What You Need to Know About Pet First Aid
What would you do if….
Your dog started limping while you were on a walk?
Or if she started overheating during a hike?
Have you thought about how you’d handle it if your dog accidentally ate chocolate late at night after the vet was closed?
What if your dog started choking?
It’s not always fun to talk about, but are you prepared for a pet medical emergency?
Knowing first aid basics can help keep you calm, and possibly save your dogs life, until you can get to a veterinarian.
Here are some basic emergency tips from the American Red Cross:
To determine if your cat or dog is dehydrated, pull up on the skin between the shoulder blades. It should spring right back; if it stays tented this is a sign of dehydration.
Signs of pet poisoning include bleeding externally or internally, dilated pupils, drooling or foaming at the mouth, seizures or other abnormal mental state or behavior.
If your pet has a seizure, make sure it is in a safe place, but do not restrain the animal. Keep your hands away from its mouth as your pet may not know who you are during a seizure and could bite you.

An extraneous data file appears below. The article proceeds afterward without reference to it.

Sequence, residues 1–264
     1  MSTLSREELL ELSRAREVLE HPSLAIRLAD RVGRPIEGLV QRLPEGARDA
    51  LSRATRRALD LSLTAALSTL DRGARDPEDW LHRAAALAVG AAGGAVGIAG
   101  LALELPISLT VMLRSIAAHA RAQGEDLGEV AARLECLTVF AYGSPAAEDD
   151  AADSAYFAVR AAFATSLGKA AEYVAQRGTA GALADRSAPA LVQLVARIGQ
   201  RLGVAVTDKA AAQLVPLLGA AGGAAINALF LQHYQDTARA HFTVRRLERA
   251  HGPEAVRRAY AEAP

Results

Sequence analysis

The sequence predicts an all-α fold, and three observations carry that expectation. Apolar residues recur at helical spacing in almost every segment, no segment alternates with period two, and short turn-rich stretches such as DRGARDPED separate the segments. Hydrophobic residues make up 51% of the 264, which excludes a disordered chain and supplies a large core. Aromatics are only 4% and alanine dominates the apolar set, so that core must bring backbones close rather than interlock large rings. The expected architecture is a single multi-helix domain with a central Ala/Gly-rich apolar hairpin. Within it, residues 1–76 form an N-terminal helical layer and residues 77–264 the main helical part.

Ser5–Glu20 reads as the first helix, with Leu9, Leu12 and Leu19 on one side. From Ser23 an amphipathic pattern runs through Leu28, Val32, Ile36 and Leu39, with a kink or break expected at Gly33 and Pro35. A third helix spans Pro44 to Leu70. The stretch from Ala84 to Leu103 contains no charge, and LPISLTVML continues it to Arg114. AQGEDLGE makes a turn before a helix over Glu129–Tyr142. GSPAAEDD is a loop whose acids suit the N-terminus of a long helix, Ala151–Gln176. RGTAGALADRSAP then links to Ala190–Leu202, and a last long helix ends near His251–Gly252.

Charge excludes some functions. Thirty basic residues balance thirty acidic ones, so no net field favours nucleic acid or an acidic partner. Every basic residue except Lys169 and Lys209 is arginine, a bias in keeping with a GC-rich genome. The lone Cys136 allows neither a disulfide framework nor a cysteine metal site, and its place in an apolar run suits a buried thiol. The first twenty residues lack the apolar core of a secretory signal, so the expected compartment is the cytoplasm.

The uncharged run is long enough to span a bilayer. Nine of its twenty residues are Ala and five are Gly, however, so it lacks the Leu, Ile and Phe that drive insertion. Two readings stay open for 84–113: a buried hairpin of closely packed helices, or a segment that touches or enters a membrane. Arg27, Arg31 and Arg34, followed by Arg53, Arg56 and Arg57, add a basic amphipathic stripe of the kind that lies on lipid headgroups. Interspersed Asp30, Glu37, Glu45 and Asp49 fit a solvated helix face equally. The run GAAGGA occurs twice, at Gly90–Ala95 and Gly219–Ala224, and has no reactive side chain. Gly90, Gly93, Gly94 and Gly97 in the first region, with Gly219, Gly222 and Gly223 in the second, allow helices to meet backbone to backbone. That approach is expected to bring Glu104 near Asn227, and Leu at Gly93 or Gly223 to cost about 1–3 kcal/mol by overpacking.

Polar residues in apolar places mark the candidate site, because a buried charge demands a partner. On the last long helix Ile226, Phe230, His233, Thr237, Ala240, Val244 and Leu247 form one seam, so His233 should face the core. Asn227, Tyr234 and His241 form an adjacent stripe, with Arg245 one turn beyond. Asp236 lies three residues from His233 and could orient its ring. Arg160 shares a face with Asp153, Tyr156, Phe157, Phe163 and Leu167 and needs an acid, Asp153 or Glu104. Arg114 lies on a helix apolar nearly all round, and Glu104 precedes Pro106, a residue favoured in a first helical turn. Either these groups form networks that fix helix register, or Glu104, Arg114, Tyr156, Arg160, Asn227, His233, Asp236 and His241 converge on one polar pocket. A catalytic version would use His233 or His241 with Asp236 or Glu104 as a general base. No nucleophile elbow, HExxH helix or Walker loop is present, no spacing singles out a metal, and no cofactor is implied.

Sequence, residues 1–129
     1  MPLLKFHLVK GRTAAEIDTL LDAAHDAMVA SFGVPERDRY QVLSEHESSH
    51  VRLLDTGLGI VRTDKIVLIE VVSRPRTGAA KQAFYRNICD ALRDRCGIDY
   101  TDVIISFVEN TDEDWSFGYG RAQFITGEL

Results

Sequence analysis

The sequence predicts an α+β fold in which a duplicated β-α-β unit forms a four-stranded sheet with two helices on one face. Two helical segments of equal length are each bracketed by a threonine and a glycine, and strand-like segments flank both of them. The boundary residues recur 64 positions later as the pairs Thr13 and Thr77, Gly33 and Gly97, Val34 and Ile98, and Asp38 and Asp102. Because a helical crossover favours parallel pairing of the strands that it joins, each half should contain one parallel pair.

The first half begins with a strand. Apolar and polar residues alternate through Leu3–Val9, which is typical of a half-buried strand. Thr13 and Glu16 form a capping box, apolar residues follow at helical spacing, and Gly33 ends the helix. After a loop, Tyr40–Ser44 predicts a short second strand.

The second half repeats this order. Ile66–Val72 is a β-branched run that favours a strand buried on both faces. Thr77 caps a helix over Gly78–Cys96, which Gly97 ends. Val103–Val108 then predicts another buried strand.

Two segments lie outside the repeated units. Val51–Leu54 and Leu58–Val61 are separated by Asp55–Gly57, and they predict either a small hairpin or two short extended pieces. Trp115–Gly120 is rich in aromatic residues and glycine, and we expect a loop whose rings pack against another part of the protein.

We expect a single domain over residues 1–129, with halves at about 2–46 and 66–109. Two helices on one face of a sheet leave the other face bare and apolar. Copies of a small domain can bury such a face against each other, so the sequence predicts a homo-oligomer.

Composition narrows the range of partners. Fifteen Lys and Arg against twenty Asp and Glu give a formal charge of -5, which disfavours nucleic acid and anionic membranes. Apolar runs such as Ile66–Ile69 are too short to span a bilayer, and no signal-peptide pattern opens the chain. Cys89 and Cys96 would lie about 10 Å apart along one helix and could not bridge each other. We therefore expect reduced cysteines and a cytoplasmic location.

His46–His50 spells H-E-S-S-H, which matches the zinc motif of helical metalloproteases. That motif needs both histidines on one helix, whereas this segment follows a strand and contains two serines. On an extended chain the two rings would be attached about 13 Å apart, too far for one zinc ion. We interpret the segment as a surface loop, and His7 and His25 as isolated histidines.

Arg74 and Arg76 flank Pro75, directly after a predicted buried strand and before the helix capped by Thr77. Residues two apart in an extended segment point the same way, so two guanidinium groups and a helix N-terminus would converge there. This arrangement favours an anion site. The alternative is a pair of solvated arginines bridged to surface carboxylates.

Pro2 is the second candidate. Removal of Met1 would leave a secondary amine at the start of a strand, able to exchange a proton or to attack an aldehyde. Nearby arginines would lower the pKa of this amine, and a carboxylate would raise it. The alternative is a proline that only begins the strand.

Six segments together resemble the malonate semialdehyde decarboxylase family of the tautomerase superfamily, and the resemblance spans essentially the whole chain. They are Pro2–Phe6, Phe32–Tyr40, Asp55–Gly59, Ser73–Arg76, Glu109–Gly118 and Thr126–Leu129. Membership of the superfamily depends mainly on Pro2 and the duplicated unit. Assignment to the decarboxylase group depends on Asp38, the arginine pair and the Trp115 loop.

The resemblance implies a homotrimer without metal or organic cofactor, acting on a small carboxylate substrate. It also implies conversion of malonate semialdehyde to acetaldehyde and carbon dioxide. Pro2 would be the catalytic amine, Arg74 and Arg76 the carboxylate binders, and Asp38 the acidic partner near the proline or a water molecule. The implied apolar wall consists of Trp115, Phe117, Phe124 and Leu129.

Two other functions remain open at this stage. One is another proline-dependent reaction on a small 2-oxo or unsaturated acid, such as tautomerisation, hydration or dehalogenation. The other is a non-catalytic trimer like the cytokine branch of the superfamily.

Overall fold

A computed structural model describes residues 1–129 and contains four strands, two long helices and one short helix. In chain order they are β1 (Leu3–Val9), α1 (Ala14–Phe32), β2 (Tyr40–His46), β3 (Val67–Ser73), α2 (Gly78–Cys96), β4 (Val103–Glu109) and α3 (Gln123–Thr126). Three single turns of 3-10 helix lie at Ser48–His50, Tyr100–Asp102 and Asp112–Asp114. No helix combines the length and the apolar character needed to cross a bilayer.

Signs of heat stroke or heat exhaustion include collapse; body temperature of 104 degrees F or above; bloody diarrhea or vomiting; wobbliness; excessive panting or difficulty breathing; increase heart rate; mucous membranes very red; and increased salivation.
Pets bitten by other animals need vet attention to prevent the wound (even if minor) from becoming infected and to check for internal wounds. Never break up a dogfight yourself because you could be bitten.
If your pet is bleeding, apply direct pressure using gauze over the bleeding site. If blood soaks through, apply more gauze (do not removed soaked gauze) until you can reach a veterinary hospital.
ASPCA Poison Control App:
Red Cross Pet First Aid App:
Print our free emergency contact form.